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All My Puny Sorrows > Question #5: Finding the Light

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message 1: by [deleted user] (last edited Jan 26, 2015 07:32AM) (new)

Yoli and Elf’s mom, when talking about reading novels about sad women, says “Okay, she’s sad!” she exclaims. “We get it, we know what sad is, and then the whole book is basically a description of the million and one ways in which our protagonist is sad. Gimme a break! Get on with it!”

As All My Puny Sorrows is about women who experience a lot of pain, grief, depression, and sadness, how did you react to Yoli’s mother’s complaint? Were you able to find the light in All My Puny Sorrows, or did you find yourself getting bogged down in the sadness?


message 2: by Emily (new)

Emily Stillwell | 10 comments I definitely found the light in All My Puny Sorrows. Yes, the novel is about women who experience a lot of pain, and sadness, but I think the author so beautifully explores these emotions, that the sheer humanity of her characters is breathtaking. Sometimes you felt like her words were a delicate silk scarf brushing against your skin, and other times it felt like steel wool being dragged across your heart, leaving you feeling such empathy for the characters.

I understand her mother's complaint - but this book is not far-fetched. It is not unrealistic. People experience this kind of pain, grief, depression, and sadness. It surrounds us. But there is always light, even at our darkest.


message 3: by Susan (last edited Jan 28, 2015 11:31AM) (new)

Susan (susanopl) | 472 comments Mod
I loved that quotation from the book: so funny and a bit ironic given this book's subject matter. It is so typical of Toew's style. She injects a bit of humour just when we need it. I did not find myself at all bogged down by sadness. Of course I felt sad many times, but mostly I felt amazed about how Toews expressed whatever happened. Moments of humour, despair, confusion, joy, love, appreciation for life - this book has it all.


message 4: by Allison (new)

Allison | 396 comments I loved Yoli's mom! Her upbeat personality was her own coping mechanism to carry on living despite the grief that would surely have engulfed her if she allowed it. Her get-on-with-living attitude is inspiring. Didn't she also have a stock answer for anything directed her way following Elf's death (or was it her sister's?)? She kept exclaiming something like Ain't that the truth! I found this little character detail so touching: both funny (a source of some comic relief) but also a clear indicator of her pain (and so it was an unbearably sad moment when I read this part). It choked me up.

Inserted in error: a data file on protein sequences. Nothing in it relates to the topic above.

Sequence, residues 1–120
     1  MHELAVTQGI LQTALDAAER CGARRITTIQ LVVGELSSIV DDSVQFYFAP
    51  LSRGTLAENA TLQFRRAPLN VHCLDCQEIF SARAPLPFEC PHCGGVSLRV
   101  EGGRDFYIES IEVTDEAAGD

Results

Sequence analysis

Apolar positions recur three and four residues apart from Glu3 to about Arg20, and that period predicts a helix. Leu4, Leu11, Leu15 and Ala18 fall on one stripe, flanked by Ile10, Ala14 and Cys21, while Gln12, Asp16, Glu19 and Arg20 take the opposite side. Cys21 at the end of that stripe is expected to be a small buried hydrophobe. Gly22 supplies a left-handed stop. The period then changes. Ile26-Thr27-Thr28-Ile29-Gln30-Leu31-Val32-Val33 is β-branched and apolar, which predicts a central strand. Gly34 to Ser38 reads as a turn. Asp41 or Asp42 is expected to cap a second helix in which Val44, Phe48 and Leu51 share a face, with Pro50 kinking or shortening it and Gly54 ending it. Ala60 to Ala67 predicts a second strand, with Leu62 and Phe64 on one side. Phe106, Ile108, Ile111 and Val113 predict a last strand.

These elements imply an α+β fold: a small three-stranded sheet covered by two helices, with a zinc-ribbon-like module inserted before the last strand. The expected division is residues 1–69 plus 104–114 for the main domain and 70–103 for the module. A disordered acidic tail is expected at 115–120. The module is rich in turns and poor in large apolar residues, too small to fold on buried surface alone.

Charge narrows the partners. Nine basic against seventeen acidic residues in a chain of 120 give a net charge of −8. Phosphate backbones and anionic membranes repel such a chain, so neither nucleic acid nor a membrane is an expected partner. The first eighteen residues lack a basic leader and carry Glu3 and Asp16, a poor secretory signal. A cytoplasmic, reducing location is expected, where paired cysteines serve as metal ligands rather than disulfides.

However, I did not get bogged down in the sadness of this book. Quite the contrary. Someone in a previous thread mentioned how life-affirming AMPS is, and I couldn't agree more. Besides, I typically love any book that can break me down to tears. :)


message 5: by Susan (new)

Susan (susanopl) | 472 comments Mod
Allison wrote: "I loved Yoli's mom! Her upbeat personality was her own coping mechanism to carry on living despite the grief that would surely have engulfed her if she allowed it. Her get-on-with-living attitude ..."
I loved that chapter with "Ain't that the truth" references, Allison. It amazed me how fitting that response was to so many situations. For me the most touching thing with Yoli's mom happened when Yoli said near the end of the book •spoiler: (view spoiler) Well, I had to stop reading and collect myself for a few moments before I could continue reading. So simply stated, but so powerful.


message 6: by Kate (new)

Kate (arwen_kenobi) | 100 comments Mod
I didn't get bogged down at all. There were moments that were incredibly sad to be sure but all those previously mentioned moments of humour (especially with the sisters themselves) helped liven things up. A lot of it actually reminded me of how my family deals with strife and grief (we're more likely to insult you before going into surgery than hug you sometimes but it definitely means that we love you and we're worried though).

Yoli's mom was also awesome. The last bit of the book with Yoli and her Mom was probably my favourite part of the book. The quote that Susan mentioned also was a big hitter for me.


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